I just googled d’souza, and it popped up with “Dinesh Joseph D’Souza is a political commentator, filmmaker, felon, and author.”

  8. John Pieret says

    We’re talking $10,000 in a campaign that cost millions.

    And it wasn’t like a conservative Republican had a chance in New York in a presidential election year. As far as buying influence, D’Souza was just throwing his money away. I seem to remember reading somewhere that Long was a personal friend of D’Souza’s.

  9. eric says

    A plea agreement D’Souza signed calls for him not to challenge any sentence within the range of 10 months to 16 months.

    Hmmm…the only sensible way to interpret that is if the minimum jail sentence is 10 months. If the judge were free to sentence him to 1 month, wouldn’t it read “1 month to 16 months” instead?

  10. mikeyb says

    For some reason, this story reminds me of a line from the movie Citizen Kane:

    “You’re the greatest fool I’ve ever known, Kane. If it was anybody else, I’d say what’s going to happen to you would be a lesson to you. Only you’re going to need more than one lesson. And you’re going to get more than one lesson.”

  11. Jared Ragland says

    In a life devoid of touch with reality, D’Souza finally seems to have met someone who can get him to understand that other people do matter.

    (his lawyer)

  12. Steve Morrison says

    Oh, come on: D’Souze is an honorable man. Indeed, so are they all; all honorable men—

  13. felidae says

    Some jail time will turn him into another conservative advocating prison reform like Milliken, Abramoff and Dickie Nixon’s crew of sociopaths

  14. says

    I love the comments over at WND. Apparently Obama was so angry about a documentary that didn’t cost him the election or cause him any trouble at all that he made D’Souza commit a felony and then personally directed a prosecutor to file completely legal and reasonable charges that D’Ouchebag admitted to being guilty of. Everything is a conspiracy!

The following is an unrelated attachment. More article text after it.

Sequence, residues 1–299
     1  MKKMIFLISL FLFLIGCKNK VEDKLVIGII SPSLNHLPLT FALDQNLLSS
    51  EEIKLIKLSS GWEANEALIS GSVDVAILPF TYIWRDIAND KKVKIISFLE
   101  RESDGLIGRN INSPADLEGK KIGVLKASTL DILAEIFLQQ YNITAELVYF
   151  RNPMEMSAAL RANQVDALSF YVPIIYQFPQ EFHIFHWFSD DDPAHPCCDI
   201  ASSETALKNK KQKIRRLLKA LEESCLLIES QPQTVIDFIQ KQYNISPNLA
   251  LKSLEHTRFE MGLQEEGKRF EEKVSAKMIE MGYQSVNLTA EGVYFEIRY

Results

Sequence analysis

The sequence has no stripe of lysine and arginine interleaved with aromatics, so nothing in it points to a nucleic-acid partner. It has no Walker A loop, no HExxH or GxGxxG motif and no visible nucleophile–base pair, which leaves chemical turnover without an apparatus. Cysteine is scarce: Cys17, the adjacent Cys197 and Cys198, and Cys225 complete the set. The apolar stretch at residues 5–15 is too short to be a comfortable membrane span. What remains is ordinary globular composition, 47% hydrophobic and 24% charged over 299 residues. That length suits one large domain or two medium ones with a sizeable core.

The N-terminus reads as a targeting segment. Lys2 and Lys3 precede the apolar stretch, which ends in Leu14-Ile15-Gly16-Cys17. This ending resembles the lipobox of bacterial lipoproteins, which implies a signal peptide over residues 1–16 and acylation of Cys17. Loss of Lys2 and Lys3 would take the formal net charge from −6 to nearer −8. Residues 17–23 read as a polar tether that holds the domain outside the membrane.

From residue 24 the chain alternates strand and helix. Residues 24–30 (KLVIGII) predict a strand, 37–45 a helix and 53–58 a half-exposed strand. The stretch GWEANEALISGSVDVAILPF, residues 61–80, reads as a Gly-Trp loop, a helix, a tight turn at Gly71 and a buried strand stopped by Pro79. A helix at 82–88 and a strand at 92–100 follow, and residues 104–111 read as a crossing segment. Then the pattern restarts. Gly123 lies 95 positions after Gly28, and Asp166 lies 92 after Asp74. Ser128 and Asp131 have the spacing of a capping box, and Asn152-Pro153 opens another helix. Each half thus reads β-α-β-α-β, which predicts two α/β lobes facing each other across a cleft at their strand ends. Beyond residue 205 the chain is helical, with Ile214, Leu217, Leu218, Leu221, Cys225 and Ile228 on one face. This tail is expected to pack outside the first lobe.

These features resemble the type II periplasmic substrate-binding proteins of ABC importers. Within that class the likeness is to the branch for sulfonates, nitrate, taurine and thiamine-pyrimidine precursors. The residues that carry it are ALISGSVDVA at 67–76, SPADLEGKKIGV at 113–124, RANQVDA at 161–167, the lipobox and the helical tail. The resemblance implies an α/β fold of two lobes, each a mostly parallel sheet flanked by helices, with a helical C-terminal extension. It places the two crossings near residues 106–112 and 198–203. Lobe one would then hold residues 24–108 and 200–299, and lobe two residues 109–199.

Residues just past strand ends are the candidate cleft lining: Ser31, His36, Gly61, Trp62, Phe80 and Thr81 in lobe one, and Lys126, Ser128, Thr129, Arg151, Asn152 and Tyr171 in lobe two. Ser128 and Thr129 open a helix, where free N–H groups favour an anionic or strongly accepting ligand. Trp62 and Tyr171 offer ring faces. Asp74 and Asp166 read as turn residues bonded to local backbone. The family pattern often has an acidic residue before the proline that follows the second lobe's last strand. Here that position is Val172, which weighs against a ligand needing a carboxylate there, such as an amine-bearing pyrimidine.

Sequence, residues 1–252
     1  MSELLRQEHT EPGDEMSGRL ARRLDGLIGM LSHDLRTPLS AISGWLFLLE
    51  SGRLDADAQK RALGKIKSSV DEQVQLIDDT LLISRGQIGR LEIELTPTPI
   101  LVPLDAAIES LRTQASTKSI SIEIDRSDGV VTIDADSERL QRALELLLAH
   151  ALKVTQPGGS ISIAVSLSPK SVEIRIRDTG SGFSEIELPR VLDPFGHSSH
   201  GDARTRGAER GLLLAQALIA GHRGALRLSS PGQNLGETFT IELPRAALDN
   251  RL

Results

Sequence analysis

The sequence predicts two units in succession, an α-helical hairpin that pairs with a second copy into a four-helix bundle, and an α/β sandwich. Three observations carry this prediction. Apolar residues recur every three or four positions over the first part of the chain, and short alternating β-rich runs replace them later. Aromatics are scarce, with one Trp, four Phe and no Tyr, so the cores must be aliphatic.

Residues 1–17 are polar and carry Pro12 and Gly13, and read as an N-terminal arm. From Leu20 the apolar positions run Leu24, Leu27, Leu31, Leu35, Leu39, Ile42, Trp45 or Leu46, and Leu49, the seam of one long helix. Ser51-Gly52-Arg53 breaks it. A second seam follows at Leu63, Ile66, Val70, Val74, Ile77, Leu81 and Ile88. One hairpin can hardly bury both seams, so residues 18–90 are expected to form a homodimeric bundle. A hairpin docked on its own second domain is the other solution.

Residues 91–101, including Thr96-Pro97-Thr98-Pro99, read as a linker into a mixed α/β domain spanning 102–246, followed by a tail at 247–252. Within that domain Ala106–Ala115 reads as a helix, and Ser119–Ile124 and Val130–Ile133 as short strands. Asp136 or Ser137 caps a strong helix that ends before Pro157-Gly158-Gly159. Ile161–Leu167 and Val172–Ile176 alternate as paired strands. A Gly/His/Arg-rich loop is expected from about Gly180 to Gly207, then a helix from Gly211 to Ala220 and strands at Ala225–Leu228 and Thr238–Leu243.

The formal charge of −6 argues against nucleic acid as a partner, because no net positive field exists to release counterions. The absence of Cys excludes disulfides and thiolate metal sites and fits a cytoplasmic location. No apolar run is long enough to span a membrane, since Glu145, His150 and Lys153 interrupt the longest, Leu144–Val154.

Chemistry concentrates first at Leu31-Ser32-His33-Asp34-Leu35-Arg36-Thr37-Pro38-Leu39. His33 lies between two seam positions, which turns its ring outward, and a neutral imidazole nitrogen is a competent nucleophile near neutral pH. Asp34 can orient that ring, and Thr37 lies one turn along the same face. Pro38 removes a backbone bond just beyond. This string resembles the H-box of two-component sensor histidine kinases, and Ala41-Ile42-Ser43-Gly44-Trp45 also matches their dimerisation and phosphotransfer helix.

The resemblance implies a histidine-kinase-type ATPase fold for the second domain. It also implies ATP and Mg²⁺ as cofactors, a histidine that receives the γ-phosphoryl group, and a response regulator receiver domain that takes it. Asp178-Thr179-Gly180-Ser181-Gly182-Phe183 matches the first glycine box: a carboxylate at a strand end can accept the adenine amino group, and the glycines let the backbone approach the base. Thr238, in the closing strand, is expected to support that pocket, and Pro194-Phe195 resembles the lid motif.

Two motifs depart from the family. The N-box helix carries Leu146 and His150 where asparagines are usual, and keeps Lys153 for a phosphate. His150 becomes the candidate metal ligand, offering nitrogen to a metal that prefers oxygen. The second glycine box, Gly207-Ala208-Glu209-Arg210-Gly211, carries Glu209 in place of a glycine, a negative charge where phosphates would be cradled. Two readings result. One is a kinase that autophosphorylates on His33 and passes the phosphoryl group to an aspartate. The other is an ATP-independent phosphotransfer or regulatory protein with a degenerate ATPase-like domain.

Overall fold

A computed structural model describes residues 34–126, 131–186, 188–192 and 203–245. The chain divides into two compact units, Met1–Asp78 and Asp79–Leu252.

15. bushrat says

    …will recognize Mr. D’Souza to be a fundamentally honorable man who should not be imprisoned for what was an isolated instance of wrongdoing in an otherwise productive life.

    Ahahahaha…Oh, you’re serious, let me laugh louder. AAAAAAAHAHAHAHAHAHAHA!!!

  16. dingojack says

    Zero (#3) – by ‘rocked’ I think they mean ‘curled up in foetal position, clutching their aching sides due to being convulsed with laughter at a piece of unintentionally hilarious schlock filmmaking that did for politics what Reefer Madness did for dope smoking’.
    Dingo

  17. says

    “And as much as I despise D’Souza, I’d be okay with a fine and probation. A jail term seems like too much to me for such a small potatoes violation. We’re talking $10,000 in a campaign that cost millions.”

    Fuck him, he’s a piece-of-shit who’s made a very comfortable living demonizing others and taking the coin of the ReiKKKwing–he needs to suffer.

  18. Doc Bill says

    The shorter D’Souza: “I deeply regret getting caught.”

    The somewhat longer D’Souza: “I also deeply regret sticking my dick deeply into my mistress while being married.”

    The complete D’Souza: “I deeply regret being a hypocritical fool! Ha, ha, fooled you!”

  19. sigurd jorsalfar says

    @15 Improbable Joe – And Obama’s got everyone, wingnuts included, off the topic of Benghazi. Well played, Obama. Well played.

  20. had3 says

    Gregory @ 13: under fed sentencing guidelines, his “acceptance” of responsibility lowers his guideline range from 15-21 months to 10-16 months. He probably figured saying “no contest” wasn’t worth potentially 5 months of his life in prison.

  21. says

    A jail term seems like too much to me for such a small potatoes violation. We’re talking $10,000 in a campaign that cost millions.

    I hope he gets the chair. A comfy chair, but one with a spring that’s loose and digs into a cheek once he gets comfortable.
    And also I hope that when he sees himself in the mirror he sees himself. That’s the worst punishment of all. I mean, imagine waking up every day and realizing you’r Dinesh D’souza. Shit like that has driven stronger men than him mad. Weaker men, too. And men of similar strength.

     
    Alverant “He needs jail time to serve as an example and to show that being rich no longer gets you off the hook.”